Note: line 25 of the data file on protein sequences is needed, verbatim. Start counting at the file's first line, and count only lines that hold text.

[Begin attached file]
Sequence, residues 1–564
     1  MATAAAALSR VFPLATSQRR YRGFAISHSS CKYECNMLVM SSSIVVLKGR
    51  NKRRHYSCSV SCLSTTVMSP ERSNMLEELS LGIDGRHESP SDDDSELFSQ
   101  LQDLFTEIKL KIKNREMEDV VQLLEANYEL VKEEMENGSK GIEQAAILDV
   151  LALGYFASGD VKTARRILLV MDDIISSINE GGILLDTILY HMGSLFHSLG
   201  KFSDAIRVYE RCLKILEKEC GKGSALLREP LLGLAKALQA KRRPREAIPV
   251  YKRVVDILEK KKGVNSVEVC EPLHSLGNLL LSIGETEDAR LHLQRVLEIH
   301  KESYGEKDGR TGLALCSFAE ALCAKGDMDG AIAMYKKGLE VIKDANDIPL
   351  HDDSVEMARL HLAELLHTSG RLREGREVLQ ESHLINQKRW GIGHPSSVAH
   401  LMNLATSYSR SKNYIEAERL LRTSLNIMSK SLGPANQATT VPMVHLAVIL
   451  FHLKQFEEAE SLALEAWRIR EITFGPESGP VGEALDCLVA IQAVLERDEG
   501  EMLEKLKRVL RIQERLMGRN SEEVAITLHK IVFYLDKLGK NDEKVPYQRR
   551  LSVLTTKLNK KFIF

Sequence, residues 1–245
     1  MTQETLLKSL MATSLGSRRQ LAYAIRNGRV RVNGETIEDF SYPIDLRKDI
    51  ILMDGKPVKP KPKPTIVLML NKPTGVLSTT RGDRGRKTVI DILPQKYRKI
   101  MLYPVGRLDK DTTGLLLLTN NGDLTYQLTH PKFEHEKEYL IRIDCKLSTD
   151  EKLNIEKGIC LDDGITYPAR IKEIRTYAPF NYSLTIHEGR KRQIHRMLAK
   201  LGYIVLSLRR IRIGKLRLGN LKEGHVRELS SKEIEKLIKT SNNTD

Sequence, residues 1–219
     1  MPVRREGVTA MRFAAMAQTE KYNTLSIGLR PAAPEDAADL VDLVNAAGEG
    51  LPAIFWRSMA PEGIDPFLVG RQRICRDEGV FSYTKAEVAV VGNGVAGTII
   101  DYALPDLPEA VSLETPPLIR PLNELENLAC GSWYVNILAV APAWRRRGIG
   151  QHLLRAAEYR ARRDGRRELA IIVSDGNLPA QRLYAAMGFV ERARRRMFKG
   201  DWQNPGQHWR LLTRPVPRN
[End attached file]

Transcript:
   201  DWQNPGQHWR LLTRPVPRN